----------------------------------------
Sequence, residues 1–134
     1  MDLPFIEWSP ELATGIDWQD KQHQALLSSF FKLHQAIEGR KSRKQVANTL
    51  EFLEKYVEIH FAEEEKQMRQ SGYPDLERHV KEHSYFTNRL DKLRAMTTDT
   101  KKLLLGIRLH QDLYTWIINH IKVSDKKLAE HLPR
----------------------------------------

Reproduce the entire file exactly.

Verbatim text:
Sequence, residues 1–134
     1  MDLPFIEWSP ELATGIDWQD KQHQALLSSF FKLHQAIEGR KSRKQVANTL
    51  EFLEKYVEIH FAEEEKQMRQ SGYPDLERHV KEHSYFTNRL DKLRAMTTDT
   101  KKLLLGIRLH QDLYTWIINH IKVSDKKLAE HLPR